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PublisherThe University of Arizona.
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AbstractBackground: The lesbian, gay, bisexual, transgender, and queer (LGBTQ) population is a diverse community of gender and sexual minorities that experiences mental health disparities such as increased prevalence of anxiety, depression, suicide, drug and alcohol abuse and dependence (Healthy People 2020, 2018). In rural America, mental health disparities among LGBTQ individuals can be attributed to geographic barriers, limited healthcare providers (HCP), stigma, and limited culturally competent HCPs (Rosenkrantz, Black, Abreu, Aleshire, & Fallin-Bennett, 2017). LGBTQ cultural competency (CC) programs are a response to LGBTQ health disparities and attempt to improve knowledge, beliefs, behaviors, and effect organizational policies. Methods: This quality improvement project used a descriptive quantitative design to address the knowledge, beliefs, and behaviors towards the LGBTQ population among rural HCPs employed at an organization with a mandatory LBGTQ cultural competency program. A convenience sample of staff (n= 51) at a behavioral health center were emailed surveys including demographic information, the Gay Affirmative Practice (GAP) scale, and a basic knowledge survey. Results: Response rate of fully completed surveys was 13.7%. Registered nurses (RN) accounted for 45% of respondents however response rate per profession was highest among social workers (75%). GAP results provided a mean belief score of 67.2 (SD 6.32) and behavior score of 58.5 (SD 7.29). The mean score for the knowledge survey was 56% overall with a range of 50. Conclusion: Those that attended CC101 had higher GAP and knowledge scores compared to those that did not attend. Overall respondents reported higher GAP belief scores than behavior scores and relatively low knowledge scores. Future cultural competency training should focus on how HCPs can display affirmative behaviors towards LGBTQ and increase general LGBTQ knowledge.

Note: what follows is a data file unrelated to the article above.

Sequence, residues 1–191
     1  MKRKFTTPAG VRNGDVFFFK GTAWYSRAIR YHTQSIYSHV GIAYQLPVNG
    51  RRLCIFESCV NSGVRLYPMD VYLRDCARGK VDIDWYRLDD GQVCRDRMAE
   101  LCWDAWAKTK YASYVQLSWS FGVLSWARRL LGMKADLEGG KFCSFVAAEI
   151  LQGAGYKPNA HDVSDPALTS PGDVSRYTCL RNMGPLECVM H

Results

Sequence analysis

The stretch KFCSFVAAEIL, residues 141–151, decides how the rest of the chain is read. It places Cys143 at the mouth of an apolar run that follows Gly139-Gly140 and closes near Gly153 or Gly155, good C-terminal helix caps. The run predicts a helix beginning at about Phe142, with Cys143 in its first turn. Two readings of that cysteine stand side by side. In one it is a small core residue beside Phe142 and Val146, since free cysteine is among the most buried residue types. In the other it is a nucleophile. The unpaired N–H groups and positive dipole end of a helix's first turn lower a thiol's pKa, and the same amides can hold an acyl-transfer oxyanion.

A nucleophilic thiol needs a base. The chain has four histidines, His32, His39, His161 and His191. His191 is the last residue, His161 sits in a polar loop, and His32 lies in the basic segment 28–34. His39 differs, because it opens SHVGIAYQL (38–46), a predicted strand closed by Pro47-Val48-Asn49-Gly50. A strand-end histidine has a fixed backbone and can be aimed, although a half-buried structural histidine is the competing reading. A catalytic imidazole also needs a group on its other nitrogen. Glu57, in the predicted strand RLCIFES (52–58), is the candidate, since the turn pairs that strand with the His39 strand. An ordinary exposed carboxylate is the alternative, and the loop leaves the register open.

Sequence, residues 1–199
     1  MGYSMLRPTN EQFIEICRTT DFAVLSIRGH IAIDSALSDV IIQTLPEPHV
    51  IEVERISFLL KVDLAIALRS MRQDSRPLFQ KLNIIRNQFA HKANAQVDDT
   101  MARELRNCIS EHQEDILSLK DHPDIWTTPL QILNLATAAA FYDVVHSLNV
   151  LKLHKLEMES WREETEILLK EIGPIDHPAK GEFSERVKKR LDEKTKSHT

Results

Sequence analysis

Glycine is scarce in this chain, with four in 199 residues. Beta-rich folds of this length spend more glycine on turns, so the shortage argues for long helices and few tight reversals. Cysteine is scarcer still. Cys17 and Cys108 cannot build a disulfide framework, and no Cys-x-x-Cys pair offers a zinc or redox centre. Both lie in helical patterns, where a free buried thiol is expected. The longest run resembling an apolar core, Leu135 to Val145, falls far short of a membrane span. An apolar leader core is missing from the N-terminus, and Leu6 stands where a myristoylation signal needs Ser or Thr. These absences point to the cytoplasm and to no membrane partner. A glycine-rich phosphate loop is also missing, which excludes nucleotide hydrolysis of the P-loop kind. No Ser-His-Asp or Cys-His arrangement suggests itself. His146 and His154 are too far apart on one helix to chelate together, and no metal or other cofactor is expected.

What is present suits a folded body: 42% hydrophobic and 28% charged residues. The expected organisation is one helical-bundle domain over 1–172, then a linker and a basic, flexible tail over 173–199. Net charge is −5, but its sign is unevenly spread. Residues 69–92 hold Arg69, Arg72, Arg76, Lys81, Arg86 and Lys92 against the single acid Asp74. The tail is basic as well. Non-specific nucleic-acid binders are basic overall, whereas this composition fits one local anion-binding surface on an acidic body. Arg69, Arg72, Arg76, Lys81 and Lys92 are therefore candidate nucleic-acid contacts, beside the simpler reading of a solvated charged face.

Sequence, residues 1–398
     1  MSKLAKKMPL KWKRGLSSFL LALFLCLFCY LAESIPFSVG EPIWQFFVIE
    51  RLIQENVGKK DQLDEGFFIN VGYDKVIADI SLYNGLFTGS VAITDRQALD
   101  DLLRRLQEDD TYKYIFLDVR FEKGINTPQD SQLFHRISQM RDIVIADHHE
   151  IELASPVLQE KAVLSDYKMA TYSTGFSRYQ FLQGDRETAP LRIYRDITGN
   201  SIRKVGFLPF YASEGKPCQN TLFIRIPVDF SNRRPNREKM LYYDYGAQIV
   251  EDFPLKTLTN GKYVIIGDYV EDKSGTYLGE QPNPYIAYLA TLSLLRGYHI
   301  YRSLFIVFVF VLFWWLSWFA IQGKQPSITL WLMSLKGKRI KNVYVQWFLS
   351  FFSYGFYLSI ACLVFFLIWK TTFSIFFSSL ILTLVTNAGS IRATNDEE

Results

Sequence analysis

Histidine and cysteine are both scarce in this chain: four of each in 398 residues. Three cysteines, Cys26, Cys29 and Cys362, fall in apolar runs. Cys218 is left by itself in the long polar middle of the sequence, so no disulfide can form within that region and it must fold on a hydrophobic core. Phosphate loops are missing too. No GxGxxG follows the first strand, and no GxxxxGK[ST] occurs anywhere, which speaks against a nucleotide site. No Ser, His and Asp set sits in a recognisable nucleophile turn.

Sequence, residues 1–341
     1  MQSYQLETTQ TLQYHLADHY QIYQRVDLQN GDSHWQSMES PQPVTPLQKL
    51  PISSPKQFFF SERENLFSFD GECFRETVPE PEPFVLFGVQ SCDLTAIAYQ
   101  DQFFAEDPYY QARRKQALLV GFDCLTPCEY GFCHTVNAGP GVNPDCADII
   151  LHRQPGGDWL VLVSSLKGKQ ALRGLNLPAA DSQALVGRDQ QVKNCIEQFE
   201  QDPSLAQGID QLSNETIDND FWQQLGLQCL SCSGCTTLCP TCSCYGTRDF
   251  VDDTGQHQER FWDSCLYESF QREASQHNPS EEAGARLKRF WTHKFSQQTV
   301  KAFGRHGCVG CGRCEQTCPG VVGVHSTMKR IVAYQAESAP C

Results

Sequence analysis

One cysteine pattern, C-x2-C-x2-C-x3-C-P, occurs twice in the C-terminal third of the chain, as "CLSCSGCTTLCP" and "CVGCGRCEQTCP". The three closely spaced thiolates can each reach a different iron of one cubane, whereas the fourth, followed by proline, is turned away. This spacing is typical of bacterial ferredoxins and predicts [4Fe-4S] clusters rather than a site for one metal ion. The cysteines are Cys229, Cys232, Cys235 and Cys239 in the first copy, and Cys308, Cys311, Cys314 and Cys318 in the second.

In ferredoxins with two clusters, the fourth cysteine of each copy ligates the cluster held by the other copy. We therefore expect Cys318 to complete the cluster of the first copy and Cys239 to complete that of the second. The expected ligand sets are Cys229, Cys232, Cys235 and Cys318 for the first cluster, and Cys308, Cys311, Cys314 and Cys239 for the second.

Degree ProgramGraduate College